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    Hi Zafer,

    The definitions for Direct, Indirect, and Induced are not always as clear for households as they are when discussing Industry changes. We often suggest users forego the Direct, Indirect, and Induced terminology and storyboard their reports when discussing household income impacts. Example, "X change in local household income resulted in y change to local value added."


    Regarding the difference between a labor income change and a household income change:

    A labor income change represents income earned as compensation. The input value options include employee compensation and proprietor income. When the analysis is run, the model accounts for net in-commuting (if any) and payroll taxes (employee and employer paid) and distributes income across the different household categories. The model then accounts for household taxes and savings (if any) and the remaining income is applied to household-category specific spending patterns.


    A household income change is the same as the above but starts at the household income step (user selects a specific household category). It is possible to combine multiple household income change activities in one scenario. Note that while payroll taxes are accounted for in the labor income change, they are not accounted for in a household income change. If your value is a labor income value (i.e., employee compensation or proprietor income), then you will need to manually remove payroll taxes before using a household income change activity, otherwise impacts are overstated.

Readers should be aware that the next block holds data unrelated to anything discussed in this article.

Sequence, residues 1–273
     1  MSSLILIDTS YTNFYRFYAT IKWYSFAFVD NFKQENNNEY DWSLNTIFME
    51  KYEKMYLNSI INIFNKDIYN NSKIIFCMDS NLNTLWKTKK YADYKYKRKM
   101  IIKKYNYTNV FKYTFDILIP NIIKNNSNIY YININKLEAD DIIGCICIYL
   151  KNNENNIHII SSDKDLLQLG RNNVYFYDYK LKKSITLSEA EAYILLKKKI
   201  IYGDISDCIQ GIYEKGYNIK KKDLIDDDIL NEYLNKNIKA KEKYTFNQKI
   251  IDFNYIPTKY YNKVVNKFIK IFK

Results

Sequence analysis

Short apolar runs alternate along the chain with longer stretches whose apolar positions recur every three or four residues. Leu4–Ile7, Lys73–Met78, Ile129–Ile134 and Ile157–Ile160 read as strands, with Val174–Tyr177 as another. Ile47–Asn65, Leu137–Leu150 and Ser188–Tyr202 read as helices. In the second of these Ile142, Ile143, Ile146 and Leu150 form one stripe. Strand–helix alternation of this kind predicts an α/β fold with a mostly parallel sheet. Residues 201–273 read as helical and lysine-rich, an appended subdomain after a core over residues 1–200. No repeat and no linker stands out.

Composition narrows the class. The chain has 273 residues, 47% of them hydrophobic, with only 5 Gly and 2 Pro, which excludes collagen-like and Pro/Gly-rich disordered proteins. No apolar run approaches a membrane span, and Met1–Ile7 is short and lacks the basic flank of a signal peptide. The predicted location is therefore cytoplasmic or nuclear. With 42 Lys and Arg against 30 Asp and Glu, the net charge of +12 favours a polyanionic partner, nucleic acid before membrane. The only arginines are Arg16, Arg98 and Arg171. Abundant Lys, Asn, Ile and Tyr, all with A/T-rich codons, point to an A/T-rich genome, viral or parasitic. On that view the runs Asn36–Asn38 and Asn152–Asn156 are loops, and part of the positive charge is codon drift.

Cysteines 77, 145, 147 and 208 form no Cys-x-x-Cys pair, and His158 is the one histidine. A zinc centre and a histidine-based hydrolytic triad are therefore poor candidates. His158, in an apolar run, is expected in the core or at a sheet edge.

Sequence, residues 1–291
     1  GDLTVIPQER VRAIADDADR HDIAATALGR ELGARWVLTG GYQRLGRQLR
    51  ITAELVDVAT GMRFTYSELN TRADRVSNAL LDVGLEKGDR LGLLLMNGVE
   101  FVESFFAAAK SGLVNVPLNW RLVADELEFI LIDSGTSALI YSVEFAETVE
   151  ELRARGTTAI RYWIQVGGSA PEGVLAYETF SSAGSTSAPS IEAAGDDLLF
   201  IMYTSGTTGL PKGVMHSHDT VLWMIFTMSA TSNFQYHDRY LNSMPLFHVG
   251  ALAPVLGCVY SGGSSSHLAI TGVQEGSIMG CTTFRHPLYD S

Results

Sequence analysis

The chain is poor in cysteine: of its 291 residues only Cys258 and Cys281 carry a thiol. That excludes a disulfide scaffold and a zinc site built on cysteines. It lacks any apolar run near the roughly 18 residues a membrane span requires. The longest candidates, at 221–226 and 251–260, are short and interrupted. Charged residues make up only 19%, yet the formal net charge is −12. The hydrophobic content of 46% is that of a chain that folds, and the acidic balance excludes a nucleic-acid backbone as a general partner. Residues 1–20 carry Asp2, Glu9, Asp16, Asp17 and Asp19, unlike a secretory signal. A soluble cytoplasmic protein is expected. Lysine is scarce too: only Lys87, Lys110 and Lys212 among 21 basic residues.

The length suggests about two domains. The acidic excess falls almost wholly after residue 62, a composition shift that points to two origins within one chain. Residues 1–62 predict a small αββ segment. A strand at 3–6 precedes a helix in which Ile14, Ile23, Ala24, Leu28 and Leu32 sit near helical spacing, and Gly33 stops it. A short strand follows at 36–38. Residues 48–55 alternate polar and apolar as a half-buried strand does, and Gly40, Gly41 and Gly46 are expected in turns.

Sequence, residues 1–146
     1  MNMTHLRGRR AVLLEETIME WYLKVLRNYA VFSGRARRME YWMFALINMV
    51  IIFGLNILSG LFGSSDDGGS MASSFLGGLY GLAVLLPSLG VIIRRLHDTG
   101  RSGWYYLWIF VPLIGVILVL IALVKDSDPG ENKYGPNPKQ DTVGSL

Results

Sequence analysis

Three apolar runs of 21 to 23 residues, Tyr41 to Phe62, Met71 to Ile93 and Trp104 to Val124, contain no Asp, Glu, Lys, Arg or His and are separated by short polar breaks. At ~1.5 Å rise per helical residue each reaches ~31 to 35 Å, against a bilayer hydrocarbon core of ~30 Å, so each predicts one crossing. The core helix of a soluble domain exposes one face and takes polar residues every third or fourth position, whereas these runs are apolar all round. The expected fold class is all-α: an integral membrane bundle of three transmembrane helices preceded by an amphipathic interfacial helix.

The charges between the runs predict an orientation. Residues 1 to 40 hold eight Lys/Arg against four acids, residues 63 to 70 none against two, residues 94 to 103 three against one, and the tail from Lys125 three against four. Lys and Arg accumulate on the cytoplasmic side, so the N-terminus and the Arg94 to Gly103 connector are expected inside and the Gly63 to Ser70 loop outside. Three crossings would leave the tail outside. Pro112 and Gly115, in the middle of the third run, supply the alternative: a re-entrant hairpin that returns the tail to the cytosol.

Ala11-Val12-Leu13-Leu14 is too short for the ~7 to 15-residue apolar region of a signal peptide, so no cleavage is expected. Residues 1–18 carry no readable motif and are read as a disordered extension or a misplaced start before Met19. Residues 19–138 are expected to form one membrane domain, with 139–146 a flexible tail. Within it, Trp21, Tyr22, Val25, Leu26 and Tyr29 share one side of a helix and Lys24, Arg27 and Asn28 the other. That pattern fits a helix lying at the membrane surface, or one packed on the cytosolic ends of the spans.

Use cases vary by need, but typically a labor income change is used in cases where the user has a component of labor income (employee compensation and/or proprietor income) and does not have the information or need to manually split the income by household category. This is commonly the case during an analysis by parts (ABP).


    As with the labor income change, household income change use cases also vary, but they are commonly used to measure the effects of increased or decreased household incomes that are not directly tied to a change in production (e.g., new retirees moving into a region).


    Either a labor income change or a household income change can be used for federal employee payroll, but the household income change would require knowing or estimating the distribution of the income across the household categories. Additionally, there are administrative payroll sectors in IMPLAN that can be used for government payroll events.


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